Jack Harrison injected a deft touch of ingenuity into proceedings on Saturday evening to provide Leeds United with a gargantuan three points in the race for promotion.
After being denied by a valiant Kieren Westwood on a multitude of occasions, anxiety was rising amongst the Elland Road crowd.
But with Sheffield Wednesday’s goal seemingly boarded up with steel hoardings Harrison sent his mixed reputation into the stratosphere, even if only for a fleeting moment of this turbulent Championship season.
Harrison could have given the hosts a first-half lead when he intelligently arrived to meet a Luke Ayling cross with his head, but his well-placed effort was palmed round the post by that man Westwood.
The Man City loanee wasn’t to be denied his moment though.
With nearly 20 minutes played in the second-half, Tyler Roberts caressed the ball into Pablo Hernandez’s path, the ball was shifted onto his magic wand of a right boot and he slid a delicious ball into the scuttling Harrison, who provided a deft finish which arced right into the very corner of the net.
The celebrations which unfolded in the stands underlined the significance of this moment, yet it seemed almost antithetical that it was one of the more unassuming characters of Leeds’ compelling season who ignited the pandemonium.
But this was not the far cry from the status quo which one might assume. For all of his critics there is no question that the Harrison we saw on Saturday is unrecognisable from the timid, unconvincing and alarmingly mediocre player who started the season.
Bielsa has transformed him into a proper player at this level and when placing his season under the Argentine into the broader context of his career it becomes clear that parallels are there to be drawn between his progress and that of Raheem Sterling.
When Sterling started his career he was considered a typical winger: quick, a keen dribbler, eager to do damage close to the touchline and near the byline. Harrison fits a similar profile.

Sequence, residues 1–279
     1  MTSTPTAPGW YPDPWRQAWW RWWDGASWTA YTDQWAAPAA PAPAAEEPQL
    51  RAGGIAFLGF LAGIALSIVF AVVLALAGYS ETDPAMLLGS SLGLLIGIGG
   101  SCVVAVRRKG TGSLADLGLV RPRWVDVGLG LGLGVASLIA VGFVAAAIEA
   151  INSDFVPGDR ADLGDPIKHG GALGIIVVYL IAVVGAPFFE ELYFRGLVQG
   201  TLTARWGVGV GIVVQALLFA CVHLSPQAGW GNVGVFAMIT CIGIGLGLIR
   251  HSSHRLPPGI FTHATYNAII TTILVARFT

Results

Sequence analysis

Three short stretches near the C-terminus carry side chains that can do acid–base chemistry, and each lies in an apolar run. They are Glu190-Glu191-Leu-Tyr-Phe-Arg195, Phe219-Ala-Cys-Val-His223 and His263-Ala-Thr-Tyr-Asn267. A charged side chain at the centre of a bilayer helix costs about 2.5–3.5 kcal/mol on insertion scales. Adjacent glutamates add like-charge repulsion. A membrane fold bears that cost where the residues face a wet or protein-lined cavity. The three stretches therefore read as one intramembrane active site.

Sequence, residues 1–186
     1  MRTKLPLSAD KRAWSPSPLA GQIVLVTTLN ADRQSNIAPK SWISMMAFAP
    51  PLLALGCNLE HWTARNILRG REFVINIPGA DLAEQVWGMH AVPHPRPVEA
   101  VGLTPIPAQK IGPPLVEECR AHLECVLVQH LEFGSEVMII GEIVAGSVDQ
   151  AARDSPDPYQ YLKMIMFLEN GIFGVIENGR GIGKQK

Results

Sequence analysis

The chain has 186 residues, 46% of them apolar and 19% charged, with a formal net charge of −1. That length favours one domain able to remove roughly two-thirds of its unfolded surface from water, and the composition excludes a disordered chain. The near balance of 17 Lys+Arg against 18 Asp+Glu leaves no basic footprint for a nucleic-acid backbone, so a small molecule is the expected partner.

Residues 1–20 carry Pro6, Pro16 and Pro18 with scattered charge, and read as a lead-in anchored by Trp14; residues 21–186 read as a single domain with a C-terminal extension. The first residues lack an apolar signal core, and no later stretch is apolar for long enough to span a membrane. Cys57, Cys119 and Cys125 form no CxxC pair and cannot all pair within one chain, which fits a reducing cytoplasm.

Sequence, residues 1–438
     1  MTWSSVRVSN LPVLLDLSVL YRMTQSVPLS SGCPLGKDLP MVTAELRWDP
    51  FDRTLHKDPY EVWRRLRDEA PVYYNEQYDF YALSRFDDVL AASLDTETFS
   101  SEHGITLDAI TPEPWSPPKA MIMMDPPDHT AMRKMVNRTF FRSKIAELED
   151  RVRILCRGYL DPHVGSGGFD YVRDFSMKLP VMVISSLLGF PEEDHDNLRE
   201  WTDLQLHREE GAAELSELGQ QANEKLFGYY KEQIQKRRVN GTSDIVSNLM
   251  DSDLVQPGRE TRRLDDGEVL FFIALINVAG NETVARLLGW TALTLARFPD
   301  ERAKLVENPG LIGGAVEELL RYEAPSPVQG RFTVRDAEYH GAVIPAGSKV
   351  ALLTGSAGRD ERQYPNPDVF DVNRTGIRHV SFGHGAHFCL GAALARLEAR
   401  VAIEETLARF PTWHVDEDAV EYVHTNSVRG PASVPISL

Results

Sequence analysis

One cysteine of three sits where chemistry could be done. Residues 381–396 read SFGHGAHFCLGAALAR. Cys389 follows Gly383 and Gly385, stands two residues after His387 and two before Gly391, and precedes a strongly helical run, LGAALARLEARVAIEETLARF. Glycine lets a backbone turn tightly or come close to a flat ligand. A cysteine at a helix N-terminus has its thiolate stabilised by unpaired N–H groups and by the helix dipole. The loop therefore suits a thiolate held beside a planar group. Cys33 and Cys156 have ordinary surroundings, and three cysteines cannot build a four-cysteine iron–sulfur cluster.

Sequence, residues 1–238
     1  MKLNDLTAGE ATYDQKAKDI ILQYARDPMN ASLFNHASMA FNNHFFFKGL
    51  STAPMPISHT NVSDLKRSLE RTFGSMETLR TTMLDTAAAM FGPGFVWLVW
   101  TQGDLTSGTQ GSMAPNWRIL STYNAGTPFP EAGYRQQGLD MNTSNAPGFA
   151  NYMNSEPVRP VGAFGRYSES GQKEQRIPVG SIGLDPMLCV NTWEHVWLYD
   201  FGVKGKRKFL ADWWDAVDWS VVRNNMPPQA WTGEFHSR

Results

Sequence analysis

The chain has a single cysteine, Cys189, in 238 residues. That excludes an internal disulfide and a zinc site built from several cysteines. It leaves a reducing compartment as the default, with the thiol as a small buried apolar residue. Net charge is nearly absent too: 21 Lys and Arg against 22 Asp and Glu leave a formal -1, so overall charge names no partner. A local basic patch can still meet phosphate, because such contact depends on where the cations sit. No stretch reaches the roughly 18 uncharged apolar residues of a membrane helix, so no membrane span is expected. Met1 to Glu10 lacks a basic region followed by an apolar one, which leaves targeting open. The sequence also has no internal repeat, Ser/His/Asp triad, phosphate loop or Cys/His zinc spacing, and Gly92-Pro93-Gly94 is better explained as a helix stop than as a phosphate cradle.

But as the England international, valued at £108 million per Transfermarkt, has developed he has focused on taking up positions in the penalty area from which to provide goals and assists – a stylistic change which has been born by virtue of Pep Guardiola’s man-management.
Leeds’ 22-year-old talent has some way to go before boasting a similar style to Sterling but his development under Bielsa suggests that his manager is also tweaking his style to force him to impact the game in the penalty area.
During a two-year spell with New York City, Harrison made a total of 93 shots, 47 of which were made inside the penalty area – marginally above 50%.
At Leeds, however, Bielsa has encouraged him to find the net from more promising positions inside the penalty area, with 25 of his 37 shots coming inside the box – closer to 68%.
Sterling, meanwhile, struck 29 of his 45 shots from inside the penalty area during the 2013/14 season with Liverpool – roughly 64% – and has hit 79% of his efforts inside the 18-yard-box in the current campaign.
The respective increase in efforts inside the penalty area are symptomatic of the philosophies of their globally-acclaimed managers. Both Bielsa and Guardiola strive to push their full-backs forward to occupy the space which wingers typically operate in, subsequently forcing wide players into areas where they can make a deadly impact.
Not only did Harrison score the decisive winning goal, he also showcased his desire to get into goal- scoring and assist-providing positions just minutes earlier when he squared the ball to Patrick Bamford only for the striker to fluff a golden opportunity with the goal at his mercy.
Harrison’s moment in the beaming Yorkshire sun on Saturday may not be enough to earn him a permanent switch in the summer, but the manner in which he ghosted into the area like a seasoned poacher to strike the knockout blow proved that Bielsa has installed a mentality into his brain akin to that which has seen Sterling rise to infinite stardom in Manchester.